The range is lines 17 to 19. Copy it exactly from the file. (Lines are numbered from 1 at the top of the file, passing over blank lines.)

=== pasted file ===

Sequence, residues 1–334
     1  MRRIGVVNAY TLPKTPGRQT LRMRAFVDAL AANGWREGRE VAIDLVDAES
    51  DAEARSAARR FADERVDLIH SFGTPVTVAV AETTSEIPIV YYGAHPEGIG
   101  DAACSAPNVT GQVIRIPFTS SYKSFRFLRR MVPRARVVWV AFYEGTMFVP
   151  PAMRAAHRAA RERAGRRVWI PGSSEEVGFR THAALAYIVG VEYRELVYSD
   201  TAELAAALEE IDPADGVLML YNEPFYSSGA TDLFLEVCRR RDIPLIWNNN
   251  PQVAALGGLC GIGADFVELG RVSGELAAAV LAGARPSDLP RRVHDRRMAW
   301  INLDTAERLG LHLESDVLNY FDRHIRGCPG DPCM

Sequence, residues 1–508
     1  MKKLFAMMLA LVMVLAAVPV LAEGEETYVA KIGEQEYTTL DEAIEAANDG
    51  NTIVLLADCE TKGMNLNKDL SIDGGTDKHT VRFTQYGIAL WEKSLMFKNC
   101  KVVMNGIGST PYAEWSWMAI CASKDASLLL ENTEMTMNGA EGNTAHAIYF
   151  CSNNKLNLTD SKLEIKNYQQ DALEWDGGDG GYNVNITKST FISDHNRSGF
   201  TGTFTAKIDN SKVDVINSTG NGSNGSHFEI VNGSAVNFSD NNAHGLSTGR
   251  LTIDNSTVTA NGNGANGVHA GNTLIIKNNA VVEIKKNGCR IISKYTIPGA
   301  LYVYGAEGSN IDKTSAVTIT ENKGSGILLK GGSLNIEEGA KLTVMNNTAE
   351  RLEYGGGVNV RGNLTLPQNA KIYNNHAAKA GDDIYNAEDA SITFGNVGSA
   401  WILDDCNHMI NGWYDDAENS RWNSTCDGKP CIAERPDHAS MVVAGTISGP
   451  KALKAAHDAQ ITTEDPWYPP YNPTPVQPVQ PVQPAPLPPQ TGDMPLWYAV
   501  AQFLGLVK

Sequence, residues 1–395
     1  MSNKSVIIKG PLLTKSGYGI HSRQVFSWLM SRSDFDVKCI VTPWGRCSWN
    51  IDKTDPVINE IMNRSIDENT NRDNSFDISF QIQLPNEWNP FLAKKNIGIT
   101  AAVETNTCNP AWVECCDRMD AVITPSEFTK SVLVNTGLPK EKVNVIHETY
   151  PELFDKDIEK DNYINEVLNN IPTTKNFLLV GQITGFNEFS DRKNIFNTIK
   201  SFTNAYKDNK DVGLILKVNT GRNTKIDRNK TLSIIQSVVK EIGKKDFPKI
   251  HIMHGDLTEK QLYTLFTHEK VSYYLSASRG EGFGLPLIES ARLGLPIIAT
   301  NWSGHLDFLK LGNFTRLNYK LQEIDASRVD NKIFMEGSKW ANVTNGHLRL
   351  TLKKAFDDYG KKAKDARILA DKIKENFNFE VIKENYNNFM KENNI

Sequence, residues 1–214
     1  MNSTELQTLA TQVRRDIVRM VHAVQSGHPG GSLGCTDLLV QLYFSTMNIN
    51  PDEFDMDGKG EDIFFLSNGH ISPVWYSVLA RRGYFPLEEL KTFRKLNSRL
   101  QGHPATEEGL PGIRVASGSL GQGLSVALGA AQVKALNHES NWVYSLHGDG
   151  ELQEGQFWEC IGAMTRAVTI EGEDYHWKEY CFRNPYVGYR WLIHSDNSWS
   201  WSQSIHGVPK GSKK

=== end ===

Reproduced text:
   351  RLEYGGGVNV RGNLTLPQNA KIYNNHAAKA GDDIYNAEDA SITFGNVGSA
   401  WILDDCNHMI NGWYDDAENS RWNSTCDGKP CIAERPDHAS MVVAGTISGP
   451  KALKAAHDAQ ITTEDPWYPP YNPTPVQPVQ PVQPAPLPPQ TGDMPLWYAV